Jared Bernstein looks at the differences between the president's budget proposal and the House Budget Committee's proposal for spending and revenue:
Show us the money, by Jared Bernstein, Comment is Free: Well, with both the Democratic House and Senate having weighed in on President Bush's 2008 federal budget, the battle lines are taking clear shape.
Today, the House Budget Committee released its mark-up of the budget resolution, a document that sets broad budgetary outlines and preferences - on spending and revenue targets... In this case, there are some clear lines of demarcation from the president's budget that are worth noticing.
First, on the so-called sunset clause under which the president's tax cuts are due to expire in 2011: they say, if you want to cut taxes, you've got to find the money. (This idea is called pay-as-you-go, or paygo). And second, in some key areas of domestic programmes, most notably healthcare for poor kids, where Bush cuts, the House and Senate Democrats spend.
The part of all this that is sure to get the most attention is the expiration of the Bush tax cuts enacted in 2001 and 2003. Though it's fair to say conservatives never intended for the sun to set, to sell the cuts they had to build in their demise by the end of the decade. Now they go around saying that allowing the cuts to expire would amount to a massive tax increase.
But since it would take new legislation to extend the cuts, Democrats legitimately make the case that to do so would be to enact yet another round of tax cuts. Which brings us to the second point: paygo. ... [P]ay-as-you-go ... mean[s] that any tax cut must be offset with either a tax increase or a cut in entitlement spending. ... But beyond that, it means the tax-cut zombies have a new, big problem.
For years, they have been able to ignore the fiscal implications of their massive tax cuts. They could wave hands and argue that the cuts would pay for themselves ... (even when their own agencies were submitting reports saying that wouldn't happen). Or they could simply ignore the fact that both current (the wars in Iraq and Afghanistan) and looming (healthcare) expenses were going to lead to large and damaging deficits.
In other words, as long as the grown-ups are away, you can have all the guns and butter you want. Well, paygo means the grown-ups are back in the room.
Bush and the Republican minority are starting to get really fired up about all this and are accusing the Democrats of massive tax increases. But ..., if Bush and the Republicans want to extend the cuts, they are going to need to find the money.
Which bring us to a final point. The president does go after entitlements, cutting them by $52bn over five years, and the Democrats are already taking flak for not joining him there. But here's why that is not fair: before this budget discussion even started, the White House ruled out any tax increases to pay for spending priorities.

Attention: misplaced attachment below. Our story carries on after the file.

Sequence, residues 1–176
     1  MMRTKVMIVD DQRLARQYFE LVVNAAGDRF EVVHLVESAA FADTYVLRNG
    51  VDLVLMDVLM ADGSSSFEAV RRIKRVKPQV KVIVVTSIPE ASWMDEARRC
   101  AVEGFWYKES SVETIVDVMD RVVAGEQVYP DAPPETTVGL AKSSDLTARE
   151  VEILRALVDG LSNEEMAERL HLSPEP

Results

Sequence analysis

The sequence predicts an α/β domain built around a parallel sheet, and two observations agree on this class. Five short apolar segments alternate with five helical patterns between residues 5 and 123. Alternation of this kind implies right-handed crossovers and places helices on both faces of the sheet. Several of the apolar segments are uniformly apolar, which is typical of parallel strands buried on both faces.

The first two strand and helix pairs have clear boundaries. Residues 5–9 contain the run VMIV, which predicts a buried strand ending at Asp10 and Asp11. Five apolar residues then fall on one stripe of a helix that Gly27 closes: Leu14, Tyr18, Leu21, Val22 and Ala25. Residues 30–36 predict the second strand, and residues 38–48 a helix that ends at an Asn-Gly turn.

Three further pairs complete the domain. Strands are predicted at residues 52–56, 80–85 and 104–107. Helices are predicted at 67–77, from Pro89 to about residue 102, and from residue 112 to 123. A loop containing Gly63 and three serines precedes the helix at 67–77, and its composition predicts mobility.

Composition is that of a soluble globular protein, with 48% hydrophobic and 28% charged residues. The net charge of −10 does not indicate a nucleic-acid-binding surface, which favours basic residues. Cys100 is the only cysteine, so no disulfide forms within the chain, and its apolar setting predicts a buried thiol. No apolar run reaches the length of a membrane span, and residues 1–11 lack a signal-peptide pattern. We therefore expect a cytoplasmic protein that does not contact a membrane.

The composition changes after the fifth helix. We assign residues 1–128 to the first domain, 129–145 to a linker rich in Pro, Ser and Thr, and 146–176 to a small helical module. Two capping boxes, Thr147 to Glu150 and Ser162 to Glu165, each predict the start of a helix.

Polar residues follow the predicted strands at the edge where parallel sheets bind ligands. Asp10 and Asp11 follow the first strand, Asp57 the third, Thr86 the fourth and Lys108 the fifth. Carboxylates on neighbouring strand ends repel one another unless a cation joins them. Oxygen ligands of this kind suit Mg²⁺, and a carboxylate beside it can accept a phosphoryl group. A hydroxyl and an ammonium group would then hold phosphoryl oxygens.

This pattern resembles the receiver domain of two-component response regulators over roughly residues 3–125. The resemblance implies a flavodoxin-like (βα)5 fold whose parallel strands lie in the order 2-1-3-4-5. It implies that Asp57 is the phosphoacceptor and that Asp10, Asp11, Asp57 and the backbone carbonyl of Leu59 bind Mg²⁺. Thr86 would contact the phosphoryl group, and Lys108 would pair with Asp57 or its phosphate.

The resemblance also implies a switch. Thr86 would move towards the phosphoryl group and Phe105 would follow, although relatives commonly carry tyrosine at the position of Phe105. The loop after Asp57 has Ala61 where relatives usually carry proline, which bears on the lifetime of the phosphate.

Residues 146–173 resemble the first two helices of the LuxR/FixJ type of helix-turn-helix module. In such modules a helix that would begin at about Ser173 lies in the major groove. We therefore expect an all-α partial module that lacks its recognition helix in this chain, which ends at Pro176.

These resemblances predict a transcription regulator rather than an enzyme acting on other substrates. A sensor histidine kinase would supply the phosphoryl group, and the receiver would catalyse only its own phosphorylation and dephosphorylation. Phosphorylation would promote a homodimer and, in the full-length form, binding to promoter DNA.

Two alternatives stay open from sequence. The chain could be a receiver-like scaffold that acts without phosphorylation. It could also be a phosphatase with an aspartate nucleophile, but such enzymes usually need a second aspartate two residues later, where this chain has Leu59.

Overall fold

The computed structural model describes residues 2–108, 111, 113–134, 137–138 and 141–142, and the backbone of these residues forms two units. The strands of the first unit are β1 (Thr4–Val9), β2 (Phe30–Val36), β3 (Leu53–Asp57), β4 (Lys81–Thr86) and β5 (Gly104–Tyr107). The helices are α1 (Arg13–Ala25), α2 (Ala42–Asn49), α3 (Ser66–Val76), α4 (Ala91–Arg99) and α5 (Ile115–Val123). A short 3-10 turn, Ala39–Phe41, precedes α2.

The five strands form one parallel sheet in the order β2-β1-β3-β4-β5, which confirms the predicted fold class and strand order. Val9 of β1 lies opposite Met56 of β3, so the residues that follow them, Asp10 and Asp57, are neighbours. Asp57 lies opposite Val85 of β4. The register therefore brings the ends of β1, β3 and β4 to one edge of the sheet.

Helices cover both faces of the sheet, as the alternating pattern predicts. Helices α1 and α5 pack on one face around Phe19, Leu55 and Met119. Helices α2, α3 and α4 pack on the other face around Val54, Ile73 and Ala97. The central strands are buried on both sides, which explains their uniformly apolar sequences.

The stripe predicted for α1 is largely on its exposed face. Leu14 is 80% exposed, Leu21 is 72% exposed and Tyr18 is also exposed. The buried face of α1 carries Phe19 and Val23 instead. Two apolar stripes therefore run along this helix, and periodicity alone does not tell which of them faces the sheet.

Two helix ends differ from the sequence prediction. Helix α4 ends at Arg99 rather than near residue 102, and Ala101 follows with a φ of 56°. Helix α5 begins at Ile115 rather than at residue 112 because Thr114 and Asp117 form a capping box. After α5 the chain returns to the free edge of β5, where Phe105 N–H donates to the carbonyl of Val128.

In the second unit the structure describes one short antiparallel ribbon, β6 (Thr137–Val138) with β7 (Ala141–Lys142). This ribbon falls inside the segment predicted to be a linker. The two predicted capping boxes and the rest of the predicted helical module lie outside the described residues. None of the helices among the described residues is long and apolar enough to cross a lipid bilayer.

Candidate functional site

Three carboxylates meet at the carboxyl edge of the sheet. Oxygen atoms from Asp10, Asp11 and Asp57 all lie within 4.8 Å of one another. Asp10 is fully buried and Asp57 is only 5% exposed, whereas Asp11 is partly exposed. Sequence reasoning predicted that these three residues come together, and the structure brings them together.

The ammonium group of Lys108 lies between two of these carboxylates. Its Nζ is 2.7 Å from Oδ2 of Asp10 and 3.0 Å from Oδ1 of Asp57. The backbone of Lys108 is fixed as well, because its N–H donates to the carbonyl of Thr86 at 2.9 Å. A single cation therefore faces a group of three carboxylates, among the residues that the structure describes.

Under these conditions, the Democrats have to fight their way out of a tight box. Even with the sunsets, vital public healthcare spending will ultimately have to fall. In fact, the president's budget threatens health coverage to more than 1 million children by 2012.
With this resolution, they are essentially saying they are going to take the revenue from the expiring cuts and spend it on their priorities, which include expanding the very child healthcare programme the president is cutting... You want to cut more taxes? Show us the money...
And, from the Center on Budget and Policy Priorities today, "Key Argument Against Applying Pay-As-You-Go To Tax Cuts Does Not Withstand Scrutiny" which will make it even harder for Republicans to argue against the need to pay for any further tax cuts.
I worry that deficit hawkishness will cause the deficit numbers themselves will take precedence over the programs they represent, i.e. that the desire to show progress on the budget deficit will lead to unwise cuts in necessary programs. The current deficit isn't a problem, it's the long-term outlook that we need to worry about, and focus on current deficit numbers is more for show than for real budgetary dough.
There are political gains to be made from deficit reduction in the short-run, and certainly a return of discipline is needed after the excesses of the last few years, but we need to be careful how we go about resolving projected budgetary imbalances and keep in mind that the long-run is the focus. I have much more confidence that Democrats will exercise sound judgment than I do for Republicans, e.g. not cutting taxes on the wealthy if it means giving up health care for children. On this point, Jared Bernstein notes:
True, [Democrats] are keeping mum on big forthcoming budgetary constraints. But when the powers that be are ready to entertain the possibility that there are other ways to deal with the challenge of entitlements - specifically healthcare - than cutting them, the Democrats will come back to the table.